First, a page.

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behind the scenes
April 9, 2019

The Treasury Department is reviewing Congress' request for President Trump's tax returns, and its lawyers have communicated with the White House about it, Treasury Secretary Steven Mnuchin said Tuesday.

Mnuchin testified before a House appropriations subcommittee that Treasury's legal department has spoken with the White House Office of General Counsel about Democrats' request for the president's taxes, NBC News reports. He said that he did not personally speak with the White House about the matter and that he hasn't been briefed on the discussions; however he described them as "informational," saying they "obviously had read in the press that we were expecting this" and that "this wasn't exactly a state secret," per CBS News.

The House Ways and Means Committee formally requested six years of Trump's taxes on April 3, citing a section of the tax code which says the Treasury secretary "shall furnish" anyone's tax returns when the committee requests them. Mnuchin had not previously acknowledged that the White House and the Treasury Department were communicating about this process, which The Washington Post notes "is designed to be walled off from White House interference."

This comment from Mnuchin also highlights, as The New York Times writes, "the seriousness with which the president is taking the request." Acting White House Chief of Staff Mick Mulvaney had previously said that Democrats would "never" get their hands on Trump's tax returns. Brendan Morrow

August 9, 2018

National Security Adviser John Bolton demanded that officials finalize the North Atlantic Treaty Organization agreement before President Trump arrived in Brussels for last month's NATO summit, U.S. and European officials told The New York Times.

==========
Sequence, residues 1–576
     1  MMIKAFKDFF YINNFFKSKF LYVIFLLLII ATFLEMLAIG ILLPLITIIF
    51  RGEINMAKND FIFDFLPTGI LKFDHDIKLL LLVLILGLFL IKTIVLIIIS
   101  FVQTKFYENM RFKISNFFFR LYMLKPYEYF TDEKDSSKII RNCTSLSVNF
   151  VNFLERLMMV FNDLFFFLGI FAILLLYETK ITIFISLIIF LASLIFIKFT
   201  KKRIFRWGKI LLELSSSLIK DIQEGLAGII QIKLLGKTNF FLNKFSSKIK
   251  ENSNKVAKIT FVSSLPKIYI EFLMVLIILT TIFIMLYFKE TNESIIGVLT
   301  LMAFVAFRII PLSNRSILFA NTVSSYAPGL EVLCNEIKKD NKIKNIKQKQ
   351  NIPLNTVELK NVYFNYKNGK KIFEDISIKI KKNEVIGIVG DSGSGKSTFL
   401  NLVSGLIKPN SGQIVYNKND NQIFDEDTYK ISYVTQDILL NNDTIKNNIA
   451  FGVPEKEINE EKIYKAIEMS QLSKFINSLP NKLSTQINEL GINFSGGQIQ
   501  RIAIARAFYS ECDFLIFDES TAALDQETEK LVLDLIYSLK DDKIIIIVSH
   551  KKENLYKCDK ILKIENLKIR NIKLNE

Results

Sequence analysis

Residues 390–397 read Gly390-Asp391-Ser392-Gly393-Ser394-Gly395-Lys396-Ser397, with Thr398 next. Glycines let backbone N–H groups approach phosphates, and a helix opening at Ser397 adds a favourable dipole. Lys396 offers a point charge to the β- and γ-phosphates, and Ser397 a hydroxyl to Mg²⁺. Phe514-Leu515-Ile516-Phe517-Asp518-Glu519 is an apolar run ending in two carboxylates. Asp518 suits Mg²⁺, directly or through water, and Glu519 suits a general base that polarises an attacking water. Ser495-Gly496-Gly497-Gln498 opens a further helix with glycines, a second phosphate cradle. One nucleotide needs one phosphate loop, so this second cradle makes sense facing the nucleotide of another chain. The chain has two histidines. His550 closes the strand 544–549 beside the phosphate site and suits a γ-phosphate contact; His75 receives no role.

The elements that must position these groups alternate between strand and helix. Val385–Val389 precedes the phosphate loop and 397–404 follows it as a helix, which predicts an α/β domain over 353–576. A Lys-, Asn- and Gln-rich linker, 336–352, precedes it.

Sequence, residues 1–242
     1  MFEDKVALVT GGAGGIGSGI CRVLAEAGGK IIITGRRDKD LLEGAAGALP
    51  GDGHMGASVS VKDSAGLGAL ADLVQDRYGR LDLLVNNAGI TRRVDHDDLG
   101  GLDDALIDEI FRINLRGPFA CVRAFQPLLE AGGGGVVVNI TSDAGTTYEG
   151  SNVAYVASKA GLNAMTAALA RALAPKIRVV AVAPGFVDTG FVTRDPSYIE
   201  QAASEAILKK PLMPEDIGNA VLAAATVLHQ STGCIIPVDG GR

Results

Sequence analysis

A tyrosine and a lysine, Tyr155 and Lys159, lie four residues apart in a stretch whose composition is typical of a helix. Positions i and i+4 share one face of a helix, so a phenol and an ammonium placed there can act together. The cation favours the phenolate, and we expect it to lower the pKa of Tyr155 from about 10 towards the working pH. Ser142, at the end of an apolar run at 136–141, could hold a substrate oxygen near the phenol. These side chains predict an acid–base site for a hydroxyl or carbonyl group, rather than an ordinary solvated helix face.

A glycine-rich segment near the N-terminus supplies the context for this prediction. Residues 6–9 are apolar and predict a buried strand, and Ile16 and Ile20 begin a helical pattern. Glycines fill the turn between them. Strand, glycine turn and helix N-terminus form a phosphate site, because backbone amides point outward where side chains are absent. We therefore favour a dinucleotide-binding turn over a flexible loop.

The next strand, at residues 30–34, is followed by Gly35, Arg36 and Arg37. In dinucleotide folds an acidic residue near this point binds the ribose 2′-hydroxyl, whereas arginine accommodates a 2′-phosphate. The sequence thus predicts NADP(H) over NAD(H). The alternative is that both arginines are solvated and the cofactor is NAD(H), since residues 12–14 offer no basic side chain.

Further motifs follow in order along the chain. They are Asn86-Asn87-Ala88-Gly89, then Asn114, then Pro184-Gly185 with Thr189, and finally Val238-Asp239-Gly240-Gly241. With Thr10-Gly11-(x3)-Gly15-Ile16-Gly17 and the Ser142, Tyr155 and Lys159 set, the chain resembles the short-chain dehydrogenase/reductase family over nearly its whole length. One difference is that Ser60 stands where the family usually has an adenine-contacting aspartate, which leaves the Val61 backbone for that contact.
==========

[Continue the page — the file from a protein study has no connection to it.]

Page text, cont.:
In June, Bolton had Kay Bailey Hutchison, the American ambassador to NATO, let the other members know that Bolton wanted the communiqué completed before Trump landed in Europe, five officials said. In June, Trump refused to sign a joint communiqué with the other G7 leaders, and afraid that he might do the same thing in Brussels, all the NATO countries agreed to have the declaration finished by July 6 at 10 p.m. local time.

Two senior European officials told the Times that Secretary of State Mike Pompeo and Defense Secretary James Mattis also wanted to avoid a repeat of the G7 fiasco, and the NATO declaration was finished ahead of schedule, establishing an Atlantic Command post and extending an invitation to Macedonia to join. When Trump did arrive in Brussels, he was shown only "broad outlines," not the entire 23-page document, the Times reports. Catherine Garcia

August 21, 2017

When President Trump finally settled on a strategy for the war in Afghanistan last weekend at Camp David, he went with the plan pushed by generals who understand the complexities of the situation and have battlefield experience, not what the non-interventionist faction in the White House wanted, several administration officials and Trump allies told The Washington Post.

Trump has spent months angry over the fact there's no quick fix for Afghanistan, the Post reports. He discussed yanking every U.S. troop out of the country, firing the commander, and even sending the controversial founder of Blackwater to Afghanistan to privatize the war, but finally, he settled on sending more troops after listening to Defense Secretary James Mattis, National Security Adviser H.R. McMaster, and new White House Chief of Staff John Kelly, whose son was killed in 2010 while fighting in Afghanistan.